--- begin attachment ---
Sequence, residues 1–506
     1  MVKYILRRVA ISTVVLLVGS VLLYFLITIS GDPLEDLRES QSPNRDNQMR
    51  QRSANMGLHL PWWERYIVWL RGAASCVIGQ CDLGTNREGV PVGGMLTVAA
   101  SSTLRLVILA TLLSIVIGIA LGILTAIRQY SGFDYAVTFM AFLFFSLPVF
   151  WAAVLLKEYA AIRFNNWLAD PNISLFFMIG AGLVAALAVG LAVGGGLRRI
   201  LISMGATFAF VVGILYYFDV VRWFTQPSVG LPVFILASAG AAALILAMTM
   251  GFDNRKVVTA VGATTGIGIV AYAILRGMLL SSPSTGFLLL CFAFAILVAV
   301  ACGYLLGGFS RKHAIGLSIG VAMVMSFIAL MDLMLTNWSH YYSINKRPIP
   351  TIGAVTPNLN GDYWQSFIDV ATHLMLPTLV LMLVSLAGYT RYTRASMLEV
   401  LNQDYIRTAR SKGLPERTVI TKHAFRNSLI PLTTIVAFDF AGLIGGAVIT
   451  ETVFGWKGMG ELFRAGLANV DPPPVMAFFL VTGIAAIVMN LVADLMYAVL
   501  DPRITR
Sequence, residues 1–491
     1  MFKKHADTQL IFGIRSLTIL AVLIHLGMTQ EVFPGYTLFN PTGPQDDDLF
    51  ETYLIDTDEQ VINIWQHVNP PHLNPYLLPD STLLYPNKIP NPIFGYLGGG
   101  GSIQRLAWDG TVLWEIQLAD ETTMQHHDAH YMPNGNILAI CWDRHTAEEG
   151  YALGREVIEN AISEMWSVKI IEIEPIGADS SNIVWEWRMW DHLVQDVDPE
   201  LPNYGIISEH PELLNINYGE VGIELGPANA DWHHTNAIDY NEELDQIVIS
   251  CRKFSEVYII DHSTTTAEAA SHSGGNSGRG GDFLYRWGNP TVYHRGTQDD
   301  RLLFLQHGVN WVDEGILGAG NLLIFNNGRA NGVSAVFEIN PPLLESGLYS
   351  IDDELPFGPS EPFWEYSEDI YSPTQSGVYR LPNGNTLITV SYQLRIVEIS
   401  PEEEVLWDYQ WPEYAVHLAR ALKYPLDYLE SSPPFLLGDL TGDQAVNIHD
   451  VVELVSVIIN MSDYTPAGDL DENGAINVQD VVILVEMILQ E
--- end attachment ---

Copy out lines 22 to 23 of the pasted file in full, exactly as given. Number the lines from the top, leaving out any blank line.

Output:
   401  PEEEVLWDYQ WPEYAVHLAR ALKYPLDYLE SSPPFLLGDL TGDQAVNIHD
   451  VVELVSVIIN MSDYTPAGDL DENGAINVQD VVILVEMILQ E